Veterans recall horrors of war on D-Day

The following is an article originally published by the Altamont Enterprise;Albany County Post, in June of 2013, shortly before D-Day. The story is about veterans of World War II sharing war experiences at an informal gathering in the Village of Altamont, in Albany County, where they were also joined by a reporter. The Evening Sun thanks the Altamont Enterprise for sharing this feature.

NEW SCOTLAND — Despite uncertain weather reports and choppy seas, the world’s largest amphibious invasion was to land in Nazis occupied Normandy, France, at just after 6 a.m. on June 6, 1944.

Known by the operation’s code word, D-Day became a defining moment of World War II and involved the mobilization of nearly 160,000 Allied servicemen, about 13,000 aircraft, and 5,000 ships.

By the next morning, June 7, 1944, the Allies successfully took the first steps in securing the beaches but almost 9,000 soldiers were killed or wounded.

Landing on Omaha Beach

As a United States Army Forward Observer with the 1st infantry’s 62nd Armored Field Artillery Battalion, Harold E. Williams was on the frontlines of the landing that day.

Enlisting after the attack on Pearl Harbor, Williams fought the Axis forces in Tunisia Africa, then took part in the amphibious landing and liberation of Sicily, before being sent to England for the Normandy invasion.

The events of D-Day, Williams said, he would never forget, and he still struggles against the emotion the memories provoke when discussing them today.

“Carnage, it was carnage. I couldn't describe it to you — I don't think I could,” said Williams in June 2013, at a gathering at the Home Front Café in Altamont, New York.

Williams was one of several World War II D-Day veterans who attended an informal breakfast and discussion at the café, where the servicemen, over cups of coffee, swapped stories and shared their experiences with curious onlookers.

“The night before we left, they told us we were going, we didn’t know where, and they handed us pamphlets that said, ‘The eyes of the world are upon us,” recalled Williams.

Williams approached the Normandy beach, known by military planners as Omaha, aboard an amphibious armored transport vehicle called a Rhino. The Rhino is designed to submerge deep into the water with the top, flat part of the vehicle being nearly even with ocean’s waterline.

Jeeps, heavy weapons and other combat equipment were transported to the beaches on top of the Rhino. Williams rode with M-7s, self-propelled 105 millimeter Howitzers, which would be used to support landing troops.

Williams remembers waves from the rough seas that morning often crashed across the Rhino, so men had to get on top of the loaded artillery equipment to avoid getting swept away.

Before he could get ashore, however, commanders ordered his unit to withdraw from the beach because approaching vehicles were being heavily targeted and their presence on the shore was attracting too much enemy fire at their landing site.

From his Rhino, Williams witnessed some of the initial frontline fighting at Omaha Beach.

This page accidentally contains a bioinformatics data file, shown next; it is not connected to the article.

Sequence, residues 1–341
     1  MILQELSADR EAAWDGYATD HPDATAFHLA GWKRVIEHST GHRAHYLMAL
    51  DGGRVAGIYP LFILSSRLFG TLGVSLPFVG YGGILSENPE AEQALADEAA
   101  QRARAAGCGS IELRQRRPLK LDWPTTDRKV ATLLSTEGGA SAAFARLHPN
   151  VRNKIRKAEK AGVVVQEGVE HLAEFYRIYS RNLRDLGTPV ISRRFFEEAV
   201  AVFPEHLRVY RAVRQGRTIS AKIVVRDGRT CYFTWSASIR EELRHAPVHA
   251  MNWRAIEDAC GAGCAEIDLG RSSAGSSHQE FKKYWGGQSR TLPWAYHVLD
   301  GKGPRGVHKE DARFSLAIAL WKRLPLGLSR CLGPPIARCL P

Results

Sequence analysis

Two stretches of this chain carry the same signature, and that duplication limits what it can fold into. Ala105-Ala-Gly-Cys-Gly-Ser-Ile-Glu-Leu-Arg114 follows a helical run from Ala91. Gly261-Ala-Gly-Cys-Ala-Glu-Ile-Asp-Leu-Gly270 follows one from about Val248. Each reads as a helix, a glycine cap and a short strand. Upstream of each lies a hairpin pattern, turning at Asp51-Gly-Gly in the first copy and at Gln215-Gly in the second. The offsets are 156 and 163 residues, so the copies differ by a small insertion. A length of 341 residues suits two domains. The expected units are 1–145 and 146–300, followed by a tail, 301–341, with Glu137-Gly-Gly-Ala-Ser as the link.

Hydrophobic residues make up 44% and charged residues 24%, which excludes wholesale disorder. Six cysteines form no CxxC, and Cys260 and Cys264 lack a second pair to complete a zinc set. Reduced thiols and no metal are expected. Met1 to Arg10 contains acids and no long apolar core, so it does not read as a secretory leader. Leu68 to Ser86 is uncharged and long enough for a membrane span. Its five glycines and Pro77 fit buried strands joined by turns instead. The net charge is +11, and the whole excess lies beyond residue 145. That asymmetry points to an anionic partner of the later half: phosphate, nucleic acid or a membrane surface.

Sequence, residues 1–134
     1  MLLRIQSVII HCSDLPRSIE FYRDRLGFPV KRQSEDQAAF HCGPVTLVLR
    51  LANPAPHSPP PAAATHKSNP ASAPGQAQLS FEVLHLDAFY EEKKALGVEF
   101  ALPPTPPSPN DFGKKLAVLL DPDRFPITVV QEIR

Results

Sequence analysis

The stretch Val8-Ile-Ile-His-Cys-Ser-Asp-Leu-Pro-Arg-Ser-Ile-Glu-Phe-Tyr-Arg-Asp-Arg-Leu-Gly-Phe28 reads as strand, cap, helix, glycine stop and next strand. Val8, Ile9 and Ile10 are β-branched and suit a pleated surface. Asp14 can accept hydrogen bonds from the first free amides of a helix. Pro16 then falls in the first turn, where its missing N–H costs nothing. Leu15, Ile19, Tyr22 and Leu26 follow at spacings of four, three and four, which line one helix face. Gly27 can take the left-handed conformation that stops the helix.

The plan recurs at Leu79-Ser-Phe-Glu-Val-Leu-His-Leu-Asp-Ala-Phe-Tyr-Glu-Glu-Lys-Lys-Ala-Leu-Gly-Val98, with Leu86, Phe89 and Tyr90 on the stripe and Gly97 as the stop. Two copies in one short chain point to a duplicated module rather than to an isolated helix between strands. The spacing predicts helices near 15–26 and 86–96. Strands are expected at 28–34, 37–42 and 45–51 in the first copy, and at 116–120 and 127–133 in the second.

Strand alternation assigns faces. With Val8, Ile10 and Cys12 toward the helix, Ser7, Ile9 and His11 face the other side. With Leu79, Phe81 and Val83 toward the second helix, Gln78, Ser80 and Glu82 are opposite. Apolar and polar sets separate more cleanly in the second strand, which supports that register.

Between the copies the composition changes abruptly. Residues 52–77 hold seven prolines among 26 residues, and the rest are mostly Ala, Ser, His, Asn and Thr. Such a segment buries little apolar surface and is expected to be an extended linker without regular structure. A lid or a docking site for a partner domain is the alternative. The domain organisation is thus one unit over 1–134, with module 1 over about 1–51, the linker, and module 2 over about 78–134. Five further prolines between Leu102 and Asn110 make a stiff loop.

“The first wave, those poor guys were just torn apart,” said Williams, who was now preparing himself to land on the beach with another wave of soldiers.



Like many veterans at the café that day, Williams found speaking about combat difficult, both because of the emotional toll it takes and because the details are too obscene and gory for most listeners.

“You never tell them the gory stuff but that's the way it was and what we did,” he said.

He spoke of men being gunned down and blown apart as they frantically swarmed across the beach. Upon landing on the shore, Williams was one of those ordered out in front of the Rhino. He and other infantryman had to clear a path for the vehicle to get up on the beach and deploy its ramp.

“We jumped out and had to move the bodies so we could get our ramp down and our big guns on the beach,” he recalled.

Nearby an infantryman’s unit had been devastated by machine gun fire. A lone solider lay on the ground mortally wounded and bleeding badly with major organs exposed. Williams and his commanding officer knelt by him.

“The colonel said ‘Hey kid, we’re going to get you some morphine.’ He said ‘let me go, all my friends are gone,’” remembered Williams. The solider died moments later.

Williams greatly admired his commander, Lt. Colonel Donald V. Bennett, who would retire in 1974 as a four-star general.

“I tell you, that man is a brave man,” said Williams. “I’ll tell you something else I saw I’ll never forget. There was this private hung up on the beach, there was firing all over and this kid was trying to get down and dig in the sand. He was a sitting duck out there. The colonel was running all up and down the beach,trying to keep us moving and he sees this kid — he [the colonel) is nearly a kid himself like most of us, probably 20, 21 years old. He runs over to the kid, grabs him, and yells, ‘Son, I need you.’”

Williams would always remember Bennett for his actions on D-Day and throughout the war. Later in life, he would travel to West Point so his son could meet him. General Bennett died in 2005.

After fighting on the beach, Williams would go on to fight in France’s patchwork of fields divided by stonewalls, berms, and bushes, known as the hedgerows. He remembered discarding his carbine rifle and picking up a better-designed M-1 rifle off the body of a fallen solider.

“Carbines didn’t travel as well,” he said.

Seven weeks after D-Day, Williams also took part in Operation Cobra, in which Allied squadrons accidentally bombarded friendly troops, killing around 150 soldiers including General Lesley James McNair, who was hiding in his fox hole.

Despite a subsequent successful attack by Allied soldiers, Williams said, “It devastated morale.”

Crossing the channel

Navy veteran Ralph P. Avery recalled a chilling scene he witnesses at Normandy on D-Day.